Every time you write a paper, you follow a guiding principle. It is the thesis statement. It is the road map for your document; it explains to the reader what to expect. You use it to answer the question directly. It is your interpretation, but not the subject itself. For instance, it might not be the World War II, but it offers the formula to understand the historical calamity. In a nutshell, it is your way of expressing yourself.
If you get your thesis statement right, then writing your paper becomes a breeze and reading it a pleasure. However, many students get confused. They do not what it is, what they should include, where it should appear, and how long it should be. Therefore, we will address all that and more with the aim of helping anyone out there who may be stuck.
First, a thesis statement is your view of the topic. You should make a claim that others might dispute. Experts say that if you are discussing something that everyone agrees with, you should probably leave it. Your objective is to convince the public about a subject, and it should be clear from the start. It is also an expression of your intention about the conclusion you plan to form and how you will do that. It must contain the grounds for it.
Second, it portrays to everyone how you will unravel the significance of the subject matter under analysis. You do this by coming up with a thesis statement that has two obligatory parts. The first section you emphasize your aim because you have not proved anything yet. The second one you state what you will conclude. It comes after you have presented your evidence and proved the argument.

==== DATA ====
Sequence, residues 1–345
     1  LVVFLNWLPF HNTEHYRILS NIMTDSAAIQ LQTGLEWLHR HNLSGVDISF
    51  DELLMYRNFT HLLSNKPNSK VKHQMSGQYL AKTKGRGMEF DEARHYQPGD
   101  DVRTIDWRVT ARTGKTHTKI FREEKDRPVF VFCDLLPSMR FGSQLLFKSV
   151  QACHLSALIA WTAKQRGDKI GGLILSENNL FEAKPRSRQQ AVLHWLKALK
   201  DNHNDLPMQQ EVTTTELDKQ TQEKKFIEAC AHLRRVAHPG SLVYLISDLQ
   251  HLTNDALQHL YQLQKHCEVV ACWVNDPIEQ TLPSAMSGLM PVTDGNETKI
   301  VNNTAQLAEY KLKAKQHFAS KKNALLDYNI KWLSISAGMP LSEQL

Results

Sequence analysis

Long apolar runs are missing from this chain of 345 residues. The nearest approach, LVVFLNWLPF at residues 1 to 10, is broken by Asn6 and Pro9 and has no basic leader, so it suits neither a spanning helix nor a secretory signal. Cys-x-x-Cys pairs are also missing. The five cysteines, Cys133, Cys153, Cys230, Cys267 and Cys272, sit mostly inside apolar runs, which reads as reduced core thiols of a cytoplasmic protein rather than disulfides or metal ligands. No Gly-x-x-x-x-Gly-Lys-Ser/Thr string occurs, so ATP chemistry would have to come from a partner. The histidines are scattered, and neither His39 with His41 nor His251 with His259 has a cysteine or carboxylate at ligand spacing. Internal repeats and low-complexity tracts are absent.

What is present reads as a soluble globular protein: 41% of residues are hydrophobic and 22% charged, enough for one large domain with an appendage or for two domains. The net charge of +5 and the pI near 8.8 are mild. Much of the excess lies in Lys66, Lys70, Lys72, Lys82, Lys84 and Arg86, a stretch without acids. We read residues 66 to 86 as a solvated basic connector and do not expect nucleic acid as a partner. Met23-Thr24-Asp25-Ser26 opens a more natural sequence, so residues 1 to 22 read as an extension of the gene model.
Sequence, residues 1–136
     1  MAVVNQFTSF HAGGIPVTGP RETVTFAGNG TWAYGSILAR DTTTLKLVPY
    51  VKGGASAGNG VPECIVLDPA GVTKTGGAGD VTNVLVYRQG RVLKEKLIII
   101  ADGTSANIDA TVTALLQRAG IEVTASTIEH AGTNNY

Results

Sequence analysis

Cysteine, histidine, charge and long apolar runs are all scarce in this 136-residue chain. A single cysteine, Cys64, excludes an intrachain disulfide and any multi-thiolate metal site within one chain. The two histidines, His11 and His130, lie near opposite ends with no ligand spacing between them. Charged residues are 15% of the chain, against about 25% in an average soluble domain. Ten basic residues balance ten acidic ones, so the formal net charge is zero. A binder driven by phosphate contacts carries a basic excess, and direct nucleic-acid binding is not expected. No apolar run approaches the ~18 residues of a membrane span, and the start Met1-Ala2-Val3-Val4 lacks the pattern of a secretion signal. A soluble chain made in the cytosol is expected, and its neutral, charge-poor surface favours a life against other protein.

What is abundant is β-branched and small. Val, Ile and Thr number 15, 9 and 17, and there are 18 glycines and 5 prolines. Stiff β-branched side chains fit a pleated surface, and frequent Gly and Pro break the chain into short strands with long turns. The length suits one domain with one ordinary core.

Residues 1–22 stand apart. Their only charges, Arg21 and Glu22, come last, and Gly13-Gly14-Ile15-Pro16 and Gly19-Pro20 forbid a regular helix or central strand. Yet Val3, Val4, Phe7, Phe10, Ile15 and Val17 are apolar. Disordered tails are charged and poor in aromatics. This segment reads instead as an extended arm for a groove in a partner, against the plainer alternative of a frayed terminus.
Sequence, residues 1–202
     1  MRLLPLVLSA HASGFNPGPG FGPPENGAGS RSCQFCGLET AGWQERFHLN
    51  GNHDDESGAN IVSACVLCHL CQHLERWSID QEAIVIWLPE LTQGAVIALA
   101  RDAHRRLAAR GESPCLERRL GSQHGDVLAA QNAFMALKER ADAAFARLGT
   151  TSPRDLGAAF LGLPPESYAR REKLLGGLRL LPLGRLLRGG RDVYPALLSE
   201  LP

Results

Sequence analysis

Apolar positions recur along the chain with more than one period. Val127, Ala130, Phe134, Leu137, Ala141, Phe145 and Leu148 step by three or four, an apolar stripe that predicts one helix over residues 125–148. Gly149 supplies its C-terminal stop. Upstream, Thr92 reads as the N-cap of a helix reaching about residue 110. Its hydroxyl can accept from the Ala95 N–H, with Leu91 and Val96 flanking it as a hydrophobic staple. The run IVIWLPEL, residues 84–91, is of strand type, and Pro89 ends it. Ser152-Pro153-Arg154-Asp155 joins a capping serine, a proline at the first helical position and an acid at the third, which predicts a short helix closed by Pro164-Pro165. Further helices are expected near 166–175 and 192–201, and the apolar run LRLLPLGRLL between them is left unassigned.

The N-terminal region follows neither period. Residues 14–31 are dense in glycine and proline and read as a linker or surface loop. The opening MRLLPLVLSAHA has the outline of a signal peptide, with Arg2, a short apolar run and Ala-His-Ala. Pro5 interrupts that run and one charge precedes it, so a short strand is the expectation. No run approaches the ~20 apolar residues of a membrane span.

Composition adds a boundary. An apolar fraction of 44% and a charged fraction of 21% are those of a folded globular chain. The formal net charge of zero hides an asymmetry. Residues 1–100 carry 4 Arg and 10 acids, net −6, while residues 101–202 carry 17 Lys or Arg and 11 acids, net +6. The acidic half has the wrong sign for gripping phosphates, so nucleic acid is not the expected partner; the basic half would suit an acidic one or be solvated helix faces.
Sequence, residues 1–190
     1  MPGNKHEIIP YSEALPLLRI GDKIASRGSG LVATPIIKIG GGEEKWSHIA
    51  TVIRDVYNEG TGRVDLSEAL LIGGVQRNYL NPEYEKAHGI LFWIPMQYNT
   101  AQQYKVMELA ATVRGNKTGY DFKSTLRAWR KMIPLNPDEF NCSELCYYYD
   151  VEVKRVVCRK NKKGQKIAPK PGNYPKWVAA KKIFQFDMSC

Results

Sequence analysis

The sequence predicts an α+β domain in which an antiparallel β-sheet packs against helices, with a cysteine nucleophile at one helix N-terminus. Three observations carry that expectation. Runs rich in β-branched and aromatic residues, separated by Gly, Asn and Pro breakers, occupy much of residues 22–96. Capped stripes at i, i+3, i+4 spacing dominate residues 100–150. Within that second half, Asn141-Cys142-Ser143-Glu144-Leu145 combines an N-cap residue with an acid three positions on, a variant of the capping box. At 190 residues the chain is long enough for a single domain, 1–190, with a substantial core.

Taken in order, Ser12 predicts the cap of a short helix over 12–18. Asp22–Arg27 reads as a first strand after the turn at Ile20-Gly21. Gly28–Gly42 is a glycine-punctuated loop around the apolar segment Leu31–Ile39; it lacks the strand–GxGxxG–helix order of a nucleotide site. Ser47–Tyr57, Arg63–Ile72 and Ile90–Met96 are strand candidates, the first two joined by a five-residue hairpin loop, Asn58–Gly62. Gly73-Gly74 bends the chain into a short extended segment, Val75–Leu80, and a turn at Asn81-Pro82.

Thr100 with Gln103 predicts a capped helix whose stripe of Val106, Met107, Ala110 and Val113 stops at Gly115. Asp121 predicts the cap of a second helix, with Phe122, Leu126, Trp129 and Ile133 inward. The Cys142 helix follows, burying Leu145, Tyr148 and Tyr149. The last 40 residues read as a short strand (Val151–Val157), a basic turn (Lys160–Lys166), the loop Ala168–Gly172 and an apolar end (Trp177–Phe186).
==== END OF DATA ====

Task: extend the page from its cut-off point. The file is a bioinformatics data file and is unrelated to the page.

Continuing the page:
A thesis statement can occur anywhere, but it has to be in the introduction paragraph/s. However, its position has to work best with the type of assignment. The length varies depending on the student and the university. One sentence is enough. But for longer papers it could be more. Let it not be more than three. Follow all the guidelines that your school endorses.
You have to determine the type of essay you are working on before developing the thesis statement.
An analytical work will require you to break down an idea into its parts. You will explain a matter to the audience if dealing with an expository. An argumentative lets you justify all your claims with proof. Finally, the professor will require you to show how the occurrence of one thing leads to the other for the cause and effect paper.
The thesis statement should be particular. The topic may change as you progress with your writing. Hence, revise it several times to reflect what your content contains. You should form it after you have conducted research, or you can outline your material and tweak it later.
The thesis statement is an art because:
- You apply it throughout the process.
- It assists both the writer and the reader.
- It condenses a broad area.
- It can only appear when you are introducing your paper.
- Your goal determines it.